You won't be able to look away from 'Tiger King: Murder, Madness and Mayhem'

"Tiger King: Murder, Mayhem, and Madness" follows the life of Joe Exotic, a zookeeper in Oklahoma, and his feud with Carol Baskin, an animal rights activist in Florida. 
Photo by Wikimedia"Tiger King: Murder, Mayhem, and Madness" follows the life of Joe Exotic, a zookeeper in Oklahoma, and his feud with Carol Baskin, an animal rights activist in Florida. 

Since its release, just two weeks ago, "Tiger King: Murder, Mayhem and Madness" has been all the rage. From celebrities praising the docuseries to the countless memes and TikToks made in its honor, you can say "Tiger King" has come second to the global pandemic in terms of national recognition. 

But it's no surprise. It's impossible to look away from this seven-episode docuseries about people who will exploit, manipulate and kill all in the name of big cats and power. 

We knew from the beginning this wasn't going to be a “Planet Earth” type of documentary. After all, the first episode includes an unidentified voice saying “Don’t own big dangerous exotic animals ‘cause it's a time bomb. Everybody that’s owned one, it’s always been a bad, bad ending.”

The first episode begins with a montage of b-roll and news clippings that allude to the criminality underneath this series. From the get-go we knew Joe Exotic was going to end up in prison due to a murder-for-hire plot, but how did a zookeeper form Oklahoma get there? "Tiger King" unfolds it all for and hooks its claws in us until the very end. 

We’re first introduced to Exotic, a zookeeper and a self-proclaimed “gay, gun-carrying, redneck with a mullet” and later, to his rival Carole Baskin, an animal activist who is believed to have fed her second husband to tigers. These two, by all means, absolutely hate each other. 

Both claim they love animals, but it becomes clear to us that much of their energy goes into fighting each other. 

“Tiger King” switches between the narratives of Exotic and Baskin and showcases the feud between exotic animal owners and animal rights activists, like Baskin’s big cat sanctuary, Big Cat Rescue, and other organizations like PETA.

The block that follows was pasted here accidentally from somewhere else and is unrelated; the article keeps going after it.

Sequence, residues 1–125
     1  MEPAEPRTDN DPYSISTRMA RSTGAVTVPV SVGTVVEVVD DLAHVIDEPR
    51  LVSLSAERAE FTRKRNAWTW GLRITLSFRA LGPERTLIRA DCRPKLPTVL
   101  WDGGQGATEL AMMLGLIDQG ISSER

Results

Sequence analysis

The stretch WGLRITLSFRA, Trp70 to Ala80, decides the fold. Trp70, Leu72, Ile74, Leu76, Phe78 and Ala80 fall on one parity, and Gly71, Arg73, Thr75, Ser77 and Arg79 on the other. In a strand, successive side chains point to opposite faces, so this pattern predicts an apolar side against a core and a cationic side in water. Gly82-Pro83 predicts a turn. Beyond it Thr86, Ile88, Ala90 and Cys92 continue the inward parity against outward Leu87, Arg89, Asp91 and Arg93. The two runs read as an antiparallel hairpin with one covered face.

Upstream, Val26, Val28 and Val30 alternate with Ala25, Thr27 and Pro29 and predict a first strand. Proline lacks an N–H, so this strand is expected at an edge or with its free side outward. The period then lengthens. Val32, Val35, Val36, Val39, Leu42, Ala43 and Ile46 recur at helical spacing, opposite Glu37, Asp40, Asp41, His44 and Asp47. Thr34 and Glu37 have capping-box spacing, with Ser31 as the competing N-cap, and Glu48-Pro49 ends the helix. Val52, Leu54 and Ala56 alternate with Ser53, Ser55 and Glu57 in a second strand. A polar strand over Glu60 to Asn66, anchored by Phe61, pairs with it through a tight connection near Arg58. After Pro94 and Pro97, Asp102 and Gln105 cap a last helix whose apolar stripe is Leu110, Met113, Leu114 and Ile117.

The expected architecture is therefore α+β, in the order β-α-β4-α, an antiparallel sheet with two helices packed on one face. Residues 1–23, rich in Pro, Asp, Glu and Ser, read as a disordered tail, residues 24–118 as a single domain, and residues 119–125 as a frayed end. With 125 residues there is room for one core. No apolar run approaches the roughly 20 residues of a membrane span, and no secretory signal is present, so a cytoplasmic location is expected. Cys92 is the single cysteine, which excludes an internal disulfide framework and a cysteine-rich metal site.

Baskin, a millionaire, uses politics, her large fanbase and her millions to take down Exotic. Exotic, a loud and proud gun enthusiast, will use everything from guns to snakes and a victim narrative to fight back. 

The docuseries cast Exotic as a man we can’t help but love, but they also don’t shy away from showing us that he is also cruel, violent and manipulative. 

The series unveils the bad side of him — the side that manipulates his loved ones and abuses his employees and animals. We also see Baskin, who the show portrays as a cat-obsessed woman with crazy eyes who is a hypocrite and, in many ways, just as abusive as Exotic. 

These seven episodes introduce different players in this feud and the many tragic and surprising things that occur within the span of five years. 

Through these 7 episodes you'll see Exotic run for President and governor, lose both husbands — one to a divorce and one to suicide — and slowly lose his zoo to Baskin's war tactics. It's tragic and riddled with secrets that the documentary uncovers piece by piece. 

By the end of these seven episodes we have seen so much absurdity and tragedy that all began with a zookeeper and an animal rights activist. 

This documentary shows us the illegality and criminality in the big cat trade in America and the bad ending it had for Exotic and those involved. It’s shocking just how much changed in five years, but it’s what made “Tiger King” the spectacle it was. 

"Tiger King," if anything, is entertaining and poignant, and while critics argue over its value as a documentary, the fandom around this documentary proves that it connected with us. While we might have loved “Tiger King” due to its shock value, we can’t dismiss it as just a spectacle. Good documentaries tell a story by showing the truth, the bad and the ugly. At the least, "Tiger King" did just that.